Guest post this week by someone I connected with as part of the Diabetes Online Community (DOC) and then realized he lived here! A rare native Charlottean, Harry Thompson is starting a chapter of Insulindependence in our fair city. What's that? Read on..
When I sat down to write this post, I had planned to use a slightly modified version of a post I’d written for another friend’s diabetes blog. However, before I finished, I received an email from someone that had seen that original post. This person had been living with Type 1 diabetes for 7 years, but I was the first other diabetic that she had “spoken” with. That really made me realize…it’s so easy to get caught up in the day-to-day management of diabetes that you sometimes end up trapped inside your own Truman Show-style diabetes bubble. Finding 3-dimensional people with diabetes can seem like hunting a white whale, but once you find them, they can be a wealth of information and support. It’s amazing how the awkwardness of meeting a complete stranger goes away when you share the common bond of a malfunctioning pancreas.
I was diagnosed with type 1 diabetes shortly before my 12th birthday. I've always been an active person – I played baseball throughout high school, rowed competitively in college, and have been an avid runner, cyclist, and occasional triathlete in my adult life. Not surprisingly it has gotten harder to find time for exercise with a full-time job, work around the house, and chasing a toddler, but I still consider exercise to be one of the most important parts of my diabetes management.
I ran my first half-marathon in roughly 2 hours and 20 minutes. That's not really impressive from a competitive standpoint…there are people who have run full marathons in less time. The reason I mention the time is that the time I spent running a race one Saturday morning is longer than the combined time I've spent with my endocrinologist in the past two years. My doctors have always been supportive of my exercise goals, as they also know how beneficial exercise is to diabetes management. However, in the limited amount of time that we get to spend together during my checkups 3-4 times a year, it’s really not possible for them to tell me how to handle all of the surprises that may come up during training and competition. They can offer dosing advice, recommend reference books, and provide plenty of moral support, but 90% of exercising with diabetes is trial and error. Each person reacts differently to physical activity, so there’s no magical formula. The type of exercise is another variable…short, intense activity can raise blood sugar levels, while longer endurance activity can cause pretty steady drops in blood sugar (and as Stacey has described before, swimming pools have magical blood-sugar-stabilizing properties).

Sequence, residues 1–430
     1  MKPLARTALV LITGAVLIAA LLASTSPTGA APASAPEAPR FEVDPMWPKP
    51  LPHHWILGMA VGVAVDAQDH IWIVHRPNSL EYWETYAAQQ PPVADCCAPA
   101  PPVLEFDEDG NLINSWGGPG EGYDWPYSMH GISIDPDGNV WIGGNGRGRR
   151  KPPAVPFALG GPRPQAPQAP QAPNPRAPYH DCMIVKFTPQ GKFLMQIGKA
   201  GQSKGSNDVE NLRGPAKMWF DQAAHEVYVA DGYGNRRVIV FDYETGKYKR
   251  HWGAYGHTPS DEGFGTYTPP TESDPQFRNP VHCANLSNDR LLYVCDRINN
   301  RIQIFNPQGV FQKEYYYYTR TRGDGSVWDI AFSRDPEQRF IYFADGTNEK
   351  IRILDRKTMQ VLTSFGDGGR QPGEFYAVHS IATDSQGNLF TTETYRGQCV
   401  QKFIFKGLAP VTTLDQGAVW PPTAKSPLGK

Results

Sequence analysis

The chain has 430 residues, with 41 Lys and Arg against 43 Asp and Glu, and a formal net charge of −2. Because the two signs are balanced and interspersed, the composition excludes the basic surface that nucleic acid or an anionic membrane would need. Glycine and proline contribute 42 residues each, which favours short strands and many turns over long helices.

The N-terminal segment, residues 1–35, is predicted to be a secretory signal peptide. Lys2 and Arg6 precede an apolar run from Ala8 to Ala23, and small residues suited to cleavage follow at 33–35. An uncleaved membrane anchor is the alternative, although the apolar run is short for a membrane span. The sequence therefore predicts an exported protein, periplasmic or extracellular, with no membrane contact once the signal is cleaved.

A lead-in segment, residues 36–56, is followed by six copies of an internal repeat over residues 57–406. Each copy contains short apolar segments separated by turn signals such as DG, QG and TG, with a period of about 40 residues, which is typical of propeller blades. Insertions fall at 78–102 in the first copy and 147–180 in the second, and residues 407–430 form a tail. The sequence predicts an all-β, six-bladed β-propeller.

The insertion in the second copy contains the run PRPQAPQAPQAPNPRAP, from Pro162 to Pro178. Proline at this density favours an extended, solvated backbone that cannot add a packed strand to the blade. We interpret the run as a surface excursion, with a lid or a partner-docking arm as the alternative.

I knew there were other diabetic athletes out there that were going through the same struggles, but I had no idea how to connect with them. Thankfully, a friend that I’d met through the diabetes blogosphere introduced me to a group called Insulindependence.
I learned about the various clubs within the organization (specializing in triathlon, running, outdoor adventure, and ocean sports), as well as their monthly local chapter events, known as Dawn Phenoms. As I learned more, I became envious of other cities that had existing chapters, and thought how awesome it would be to have the opportunity to show up at one of those monthly events, meet other diabetics, and share stories of how they deal with the challenges of diabetes and exercise.
Unfortunately, I found out there was not a local chapter anywhere near Charlotte. That’s understandable, since Insulindependence is based out of San Diego, but that doesn’t mean that diabetics in the Carolinas don’t deserve the same benefits as our West Coast friends. This summer, I traveled to San Diego to meet and train with other volunteers who are running existing chapters or starting new ones in other cities. Starting in a few weeks, I’ll be running the monthly Dawn Phenom events for the new Charlotte chapter of Insulindependence.
Our first local event will be on Saturday, September 22nd at 9:00am, and will be a run/walk event at the Huntersville Business Park off I-77, exit 23. The group will meet in the parking lot of the Physician’s Plaza, attached to the back of the Presbyterian Hospital-Huntersville.
I’d like to emphasize that these events are free and open to all ability levels. Type 1s, 2s, and 3s (non-diabetic supporters) are all encouraged to attend. We will have snacks and plenty of time to socialize, in addition to getting in a Saturday morning workout.
If you or anyone you know would benefit from this group, I hope you’ll join us in getting the Charlotte chapter off the ground. If you have any questions or want to be added to our mailing list for event details and announcements, please email me at CLT.Insulindependence@gmail.com
Also, to join Insulindependence (again, free!) and begin earning points for free rewards, please visit Insulindependence.org and click “become a member” in the upper left corner.
Harry and his wife Meredith live in Huntersville with their two-year-old daughter. You can follow Harry on Twitter @harrythompson.